"When on a petition or complaint being filed before him the Magistrate applies his mind for proceeding under the various provisions of Chapter XVI of the Code of Criminal Procedure, he must be held to have taken cognizance of the offences mentioned in the complaint. When, however, he applies his mind not for such purpose but for purposes of ordering investigation under Section 156(3) or issues a search warrant for the purpose of investigation he cannot be said to have taken cognizance of any offence. AIR 1951 SC 297 and AIR 1961 SC 986 Ref.
Where the Magistrate after completing the examination of the complainant on oath under Section 200 and recording the substance of it made the order in these words:
'Examined the complaint on s.a. The offence is cognizable one. To S.I. Baikunthpur for instituting a case and report by 12-12-1956'
Held that if the Magistrate had used the words 'for investigation' instead of the words for instituting a case' the order would clearly be under Section 202 of the Code. The fact that he used the words 'for instituting a case' did not make any difference. The Magistrate was not bound to take cognizance of the offences on receipt of the complaint. He could have, without taking cognizance, directed an investigation of the case by the police under Section 156(3). Once, however, he took cognizance he could order investigation by the police only under Section 202 and not under Section 156(3). As it was clear here from the very fact that he took action under Section 200 that he had taken cognizance of the offences mentioned in the complaint, it was open to him to order investigation only under Section 202 and not under Section 156(3). It would be proper in these circumstances to hold that though the Magistrate used the words 'for instituting a case' in this order he was actually taking action under Section 202 that being the only section under which he was in law entitled to act."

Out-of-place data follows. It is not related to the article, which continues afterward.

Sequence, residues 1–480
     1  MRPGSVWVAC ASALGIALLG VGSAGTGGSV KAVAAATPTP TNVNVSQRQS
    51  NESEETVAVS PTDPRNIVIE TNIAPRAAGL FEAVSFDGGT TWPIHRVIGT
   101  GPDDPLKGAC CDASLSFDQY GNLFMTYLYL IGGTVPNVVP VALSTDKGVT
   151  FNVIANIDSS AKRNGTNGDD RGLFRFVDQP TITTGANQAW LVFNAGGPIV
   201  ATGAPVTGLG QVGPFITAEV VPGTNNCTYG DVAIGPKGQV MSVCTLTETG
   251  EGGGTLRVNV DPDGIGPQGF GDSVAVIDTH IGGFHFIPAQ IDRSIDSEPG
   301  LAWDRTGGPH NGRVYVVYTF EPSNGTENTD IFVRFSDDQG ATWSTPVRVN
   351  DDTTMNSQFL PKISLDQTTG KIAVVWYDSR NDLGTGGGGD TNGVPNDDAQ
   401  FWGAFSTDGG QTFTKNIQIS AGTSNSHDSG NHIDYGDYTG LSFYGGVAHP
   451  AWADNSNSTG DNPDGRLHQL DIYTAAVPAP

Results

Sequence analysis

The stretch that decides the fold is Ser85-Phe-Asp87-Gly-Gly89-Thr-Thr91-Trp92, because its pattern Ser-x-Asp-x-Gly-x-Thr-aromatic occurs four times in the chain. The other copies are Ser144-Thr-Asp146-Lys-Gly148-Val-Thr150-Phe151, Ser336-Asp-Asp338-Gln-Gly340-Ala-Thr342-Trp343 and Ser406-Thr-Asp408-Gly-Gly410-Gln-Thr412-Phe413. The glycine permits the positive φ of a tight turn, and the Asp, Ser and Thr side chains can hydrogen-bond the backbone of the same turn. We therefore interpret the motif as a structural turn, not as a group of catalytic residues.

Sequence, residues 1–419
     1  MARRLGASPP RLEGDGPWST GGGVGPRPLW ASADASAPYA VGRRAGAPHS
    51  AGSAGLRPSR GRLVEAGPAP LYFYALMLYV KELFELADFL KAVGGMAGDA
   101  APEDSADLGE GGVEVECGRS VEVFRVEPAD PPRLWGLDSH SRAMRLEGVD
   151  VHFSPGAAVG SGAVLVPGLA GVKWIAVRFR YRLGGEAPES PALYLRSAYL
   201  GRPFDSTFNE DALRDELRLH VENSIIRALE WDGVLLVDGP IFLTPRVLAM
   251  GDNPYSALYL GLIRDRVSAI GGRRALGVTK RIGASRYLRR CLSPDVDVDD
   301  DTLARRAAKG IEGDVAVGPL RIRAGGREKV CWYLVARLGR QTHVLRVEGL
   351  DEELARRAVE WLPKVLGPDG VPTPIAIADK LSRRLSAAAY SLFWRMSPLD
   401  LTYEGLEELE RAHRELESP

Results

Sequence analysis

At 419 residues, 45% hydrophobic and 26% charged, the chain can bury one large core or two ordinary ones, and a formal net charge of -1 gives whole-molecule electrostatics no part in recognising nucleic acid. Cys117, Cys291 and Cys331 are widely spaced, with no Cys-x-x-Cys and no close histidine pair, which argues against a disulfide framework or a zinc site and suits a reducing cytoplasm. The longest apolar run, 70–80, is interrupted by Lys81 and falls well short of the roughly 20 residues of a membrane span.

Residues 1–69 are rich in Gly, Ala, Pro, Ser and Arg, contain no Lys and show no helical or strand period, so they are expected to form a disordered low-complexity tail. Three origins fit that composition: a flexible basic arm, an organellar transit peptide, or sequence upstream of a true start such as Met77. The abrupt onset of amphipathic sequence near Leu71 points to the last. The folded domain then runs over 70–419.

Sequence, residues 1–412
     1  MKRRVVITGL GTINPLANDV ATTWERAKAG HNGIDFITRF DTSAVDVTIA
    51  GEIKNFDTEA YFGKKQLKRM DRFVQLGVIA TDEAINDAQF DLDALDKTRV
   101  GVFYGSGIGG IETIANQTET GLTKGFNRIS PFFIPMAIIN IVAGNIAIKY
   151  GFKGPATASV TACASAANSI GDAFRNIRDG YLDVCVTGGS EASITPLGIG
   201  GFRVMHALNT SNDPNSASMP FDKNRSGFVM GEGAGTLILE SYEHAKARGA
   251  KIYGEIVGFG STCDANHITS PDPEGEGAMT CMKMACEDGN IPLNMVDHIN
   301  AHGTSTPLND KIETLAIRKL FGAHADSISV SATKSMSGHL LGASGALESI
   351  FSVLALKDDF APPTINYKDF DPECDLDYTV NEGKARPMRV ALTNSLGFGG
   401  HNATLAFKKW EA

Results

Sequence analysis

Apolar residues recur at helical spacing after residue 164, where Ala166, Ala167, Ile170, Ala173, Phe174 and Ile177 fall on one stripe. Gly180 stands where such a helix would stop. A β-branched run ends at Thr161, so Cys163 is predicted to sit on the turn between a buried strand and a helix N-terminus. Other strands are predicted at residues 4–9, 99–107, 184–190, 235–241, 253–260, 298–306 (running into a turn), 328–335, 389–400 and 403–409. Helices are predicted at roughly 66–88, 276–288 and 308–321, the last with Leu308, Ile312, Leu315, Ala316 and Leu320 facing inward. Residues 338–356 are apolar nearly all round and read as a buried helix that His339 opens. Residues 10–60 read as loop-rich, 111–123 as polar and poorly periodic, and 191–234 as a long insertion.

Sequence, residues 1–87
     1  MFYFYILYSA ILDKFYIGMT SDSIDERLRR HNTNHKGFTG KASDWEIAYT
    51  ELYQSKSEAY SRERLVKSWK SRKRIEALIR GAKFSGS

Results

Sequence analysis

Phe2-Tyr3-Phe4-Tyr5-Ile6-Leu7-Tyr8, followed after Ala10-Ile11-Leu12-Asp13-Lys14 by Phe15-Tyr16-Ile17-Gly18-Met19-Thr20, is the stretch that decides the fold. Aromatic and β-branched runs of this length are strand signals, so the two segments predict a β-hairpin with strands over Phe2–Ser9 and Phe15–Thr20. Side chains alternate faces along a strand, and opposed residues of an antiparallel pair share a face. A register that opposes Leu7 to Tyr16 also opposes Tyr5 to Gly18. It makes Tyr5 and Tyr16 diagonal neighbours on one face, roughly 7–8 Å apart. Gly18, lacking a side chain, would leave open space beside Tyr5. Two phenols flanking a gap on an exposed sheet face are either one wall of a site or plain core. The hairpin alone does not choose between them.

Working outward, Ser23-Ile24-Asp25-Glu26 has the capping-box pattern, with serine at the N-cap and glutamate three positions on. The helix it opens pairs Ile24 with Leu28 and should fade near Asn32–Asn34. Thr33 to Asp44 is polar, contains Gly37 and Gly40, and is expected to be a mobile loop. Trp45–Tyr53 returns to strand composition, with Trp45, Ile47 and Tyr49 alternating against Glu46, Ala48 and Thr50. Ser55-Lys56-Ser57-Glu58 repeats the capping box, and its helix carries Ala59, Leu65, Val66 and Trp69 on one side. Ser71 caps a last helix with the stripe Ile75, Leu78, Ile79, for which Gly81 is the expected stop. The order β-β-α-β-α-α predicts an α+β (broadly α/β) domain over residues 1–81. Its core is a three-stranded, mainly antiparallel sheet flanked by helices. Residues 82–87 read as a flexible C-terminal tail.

On the same line dealing with the scope of Sections 156(3), 173(1), 190(1)(b), 200, 203 and 204 Cr.P.C. the Supreme Court in H.S. BAINS v. THE STATE (UNION TERRITORY OF CHANDIGARH), held as follows:
"The mere fact that he had earlier ordered an investigation under Section 156(3) and received a report under Section 173 will not have the effect of total effacement of the complaint and therefore the Magistrate will not be barred from proceeding under Sections 200, 203 and 204.